Thursday, February 2, 2012

Games @ Parsons

Hey all, just a brief plug -- me and my fellow students / faculty at Parsons are starting a new initiative to talk about the stuff we do in graduate-level game design studies. This public research blog is called "Games @ Parsons" -- we'll analyze indie games, post our own experimental prototypes, try to situate your favorite games in the context of academic research, announce cool NYC events for you to attend, and generally just be cool because school is cool.

Wednesday, February 1, 2012

Skyrim, Steam Workshop, and the means of mod distribution

Auto-updating Skyrim mods sound amazing to me, but you have to wonder what will happen to the existing infrastructure; this move is extremely disruptive. Will Skyrim Nexus become a ghetto of unlicensed content / adult mods? ModDB will miss out on this entirely too. Sure, they'll say Steam Workshop is "optional" -- but if all the best mods are auto-updated with one-click installation, the player base will move and it won't really be optional anymore.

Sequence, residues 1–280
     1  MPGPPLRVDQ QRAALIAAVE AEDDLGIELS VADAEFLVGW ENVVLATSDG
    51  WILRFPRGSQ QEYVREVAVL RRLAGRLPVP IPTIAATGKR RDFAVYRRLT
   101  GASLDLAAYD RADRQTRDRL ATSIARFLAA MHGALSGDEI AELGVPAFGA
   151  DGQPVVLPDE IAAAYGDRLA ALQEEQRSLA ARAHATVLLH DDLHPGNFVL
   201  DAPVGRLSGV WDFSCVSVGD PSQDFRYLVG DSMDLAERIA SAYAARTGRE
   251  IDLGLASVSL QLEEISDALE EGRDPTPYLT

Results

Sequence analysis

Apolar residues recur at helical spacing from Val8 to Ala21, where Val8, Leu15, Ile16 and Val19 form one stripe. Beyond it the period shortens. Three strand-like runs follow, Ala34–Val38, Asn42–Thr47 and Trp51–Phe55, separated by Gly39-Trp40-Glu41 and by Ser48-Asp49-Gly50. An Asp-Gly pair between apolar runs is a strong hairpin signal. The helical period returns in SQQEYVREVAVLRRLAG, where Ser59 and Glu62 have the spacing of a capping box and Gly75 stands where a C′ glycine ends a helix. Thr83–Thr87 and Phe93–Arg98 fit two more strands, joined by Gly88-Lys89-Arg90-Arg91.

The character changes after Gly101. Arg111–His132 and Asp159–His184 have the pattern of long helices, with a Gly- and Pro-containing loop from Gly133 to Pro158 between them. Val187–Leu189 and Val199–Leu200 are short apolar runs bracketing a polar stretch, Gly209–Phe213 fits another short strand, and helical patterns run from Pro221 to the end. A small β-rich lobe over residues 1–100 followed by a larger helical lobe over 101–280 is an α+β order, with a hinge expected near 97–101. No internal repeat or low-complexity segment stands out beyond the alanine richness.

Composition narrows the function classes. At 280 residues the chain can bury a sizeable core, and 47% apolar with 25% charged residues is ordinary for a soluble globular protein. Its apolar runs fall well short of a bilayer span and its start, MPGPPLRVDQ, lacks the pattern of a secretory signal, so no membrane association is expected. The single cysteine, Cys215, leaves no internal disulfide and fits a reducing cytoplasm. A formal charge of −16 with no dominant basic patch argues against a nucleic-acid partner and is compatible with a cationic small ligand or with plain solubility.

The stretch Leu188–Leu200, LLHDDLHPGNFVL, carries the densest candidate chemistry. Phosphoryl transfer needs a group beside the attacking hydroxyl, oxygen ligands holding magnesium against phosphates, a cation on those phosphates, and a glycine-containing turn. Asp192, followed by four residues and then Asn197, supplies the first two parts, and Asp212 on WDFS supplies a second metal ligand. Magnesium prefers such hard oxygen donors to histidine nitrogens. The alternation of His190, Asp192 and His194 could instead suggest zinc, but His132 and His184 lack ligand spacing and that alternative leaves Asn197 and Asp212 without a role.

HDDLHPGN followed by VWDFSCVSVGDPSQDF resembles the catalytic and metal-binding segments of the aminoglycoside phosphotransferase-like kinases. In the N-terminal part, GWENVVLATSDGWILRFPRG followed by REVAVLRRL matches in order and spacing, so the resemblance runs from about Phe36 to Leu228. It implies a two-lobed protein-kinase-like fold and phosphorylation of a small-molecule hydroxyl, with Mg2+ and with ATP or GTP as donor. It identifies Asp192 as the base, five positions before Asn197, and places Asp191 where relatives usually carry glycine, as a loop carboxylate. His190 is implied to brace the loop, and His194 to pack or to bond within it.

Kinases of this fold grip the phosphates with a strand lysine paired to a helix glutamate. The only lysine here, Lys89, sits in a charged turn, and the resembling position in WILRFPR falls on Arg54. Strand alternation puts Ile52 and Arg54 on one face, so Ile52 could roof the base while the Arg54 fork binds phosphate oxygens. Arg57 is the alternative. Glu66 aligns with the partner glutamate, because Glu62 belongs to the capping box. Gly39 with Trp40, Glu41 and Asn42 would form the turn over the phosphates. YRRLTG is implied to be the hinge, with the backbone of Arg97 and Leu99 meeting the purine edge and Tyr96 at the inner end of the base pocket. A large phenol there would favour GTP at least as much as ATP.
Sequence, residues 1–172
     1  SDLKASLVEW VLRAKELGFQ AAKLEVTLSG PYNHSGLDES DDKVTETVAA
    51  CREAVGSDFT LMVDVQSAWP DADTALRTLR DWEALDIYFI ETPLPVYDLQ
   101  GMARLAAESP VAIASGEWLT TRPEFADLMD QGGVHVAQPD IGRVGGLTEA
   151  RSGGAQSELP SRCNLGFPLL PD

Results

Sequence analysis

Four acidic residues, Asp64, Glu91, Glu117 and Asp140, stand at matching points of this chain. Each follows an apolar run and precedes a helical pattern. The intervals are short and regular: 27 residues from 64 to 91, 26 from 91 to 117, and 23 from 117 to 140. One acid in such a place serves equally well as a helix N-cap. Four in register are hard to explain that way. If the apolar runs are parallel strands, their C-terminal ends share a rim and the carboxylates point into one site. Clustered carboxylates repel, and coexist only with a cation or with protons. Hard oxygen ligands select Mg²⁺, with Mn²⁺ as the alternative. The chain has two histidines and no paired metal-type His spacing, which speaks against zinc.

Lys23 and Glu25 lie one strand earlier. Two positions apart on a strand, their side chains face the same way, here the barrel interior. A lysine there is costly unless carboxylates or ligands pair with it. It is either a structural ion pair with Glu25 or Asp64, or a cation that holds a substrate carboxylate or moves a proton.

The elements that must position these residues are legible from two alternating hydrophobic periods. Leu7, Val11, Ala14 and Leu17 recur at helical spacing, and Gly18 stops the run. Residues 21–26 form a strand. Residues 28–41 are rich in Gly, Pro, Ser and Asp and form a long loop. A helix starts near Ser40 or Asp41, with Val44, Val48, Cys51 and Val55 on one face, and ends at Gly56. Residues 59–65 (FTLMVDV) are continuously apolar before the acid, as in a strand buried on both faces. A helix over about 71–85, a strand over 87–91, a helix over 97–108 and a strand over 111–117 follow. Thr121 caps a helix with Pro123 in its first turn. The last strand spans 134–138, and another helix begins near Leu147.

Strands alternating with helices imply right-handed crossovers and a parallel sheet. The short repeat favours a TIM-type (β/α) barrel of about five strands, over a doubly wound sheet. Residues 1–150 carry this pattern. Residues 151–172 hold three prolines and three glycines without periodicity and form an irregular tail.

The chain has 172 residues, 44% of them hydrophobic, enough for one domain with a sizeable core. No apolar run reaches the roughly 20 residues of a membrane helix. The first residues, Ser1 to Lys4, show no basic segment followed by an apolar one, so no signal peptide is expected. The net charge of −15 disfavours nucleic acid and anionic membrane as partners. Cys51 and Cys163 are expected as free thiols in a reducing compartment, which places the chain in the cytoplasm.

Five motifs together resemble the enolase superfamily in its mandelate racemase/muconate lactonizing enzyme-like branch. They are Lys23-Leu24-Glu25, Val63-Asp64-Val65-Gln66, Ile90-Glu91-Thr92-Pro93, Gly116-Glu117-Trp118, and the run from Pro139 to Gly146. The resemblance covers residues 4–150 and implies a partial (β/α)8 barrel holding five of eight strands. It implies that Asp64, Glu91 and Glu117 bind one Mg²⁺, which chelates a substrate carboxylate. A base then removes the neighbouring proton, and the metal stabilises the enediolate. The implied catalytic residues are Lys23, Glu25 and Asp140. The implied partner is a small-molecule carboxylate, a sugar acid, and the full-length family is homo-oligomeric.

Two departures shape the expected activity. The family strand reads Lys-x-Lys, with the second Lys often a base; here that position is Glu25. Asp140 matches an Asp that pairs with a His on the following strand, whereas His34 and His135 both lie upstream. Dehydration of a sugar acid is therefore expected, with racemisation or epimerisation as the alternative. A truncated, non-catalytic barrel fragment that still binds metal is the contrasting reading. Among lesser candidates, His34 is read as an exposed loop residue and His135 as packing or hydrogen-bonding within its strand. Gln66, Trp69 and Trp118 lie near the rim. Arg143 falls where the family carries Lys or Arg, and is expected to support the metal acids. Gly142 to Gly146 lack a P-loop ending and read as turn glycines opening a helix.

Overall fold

As Bethesda moves to weaponize mods like no one else before, and assumes an Apple-ish App Store relationship to its games and peoples' mods, you have to wonder what the effect of oversight and censorship will be.

Can your Steam account get banned from the Steam Workshop? If you make works that are critical of Bethesda's practices, can they just ban and silence you forever? Will there be room for LGBTQ-themed content or will it be institutionally repressed, as on the App Store? What if people start harassing your Steam account because you made a mod they didn't like? Is this more than an attempt to make sure they don't have another nudity-mod ESRB scandal that rocked Oblivion?

That isn't to say Skyrim Nexus doesn't police / censor their content too, but they certainly had a lot less to lose.

Game mods, like all games, can be used as political forms of speech. It's always a little spooky when someone decides to change the means of distributing that speech. We might not realize what we've lost, if anything, until it's gone.

Maybe everything will be fine and it'll be a new golden age of mods... or maybe we'll be setting up tents to occupy the Steam Workshop one day. What could be paradise here and now could just as easily become hell itself.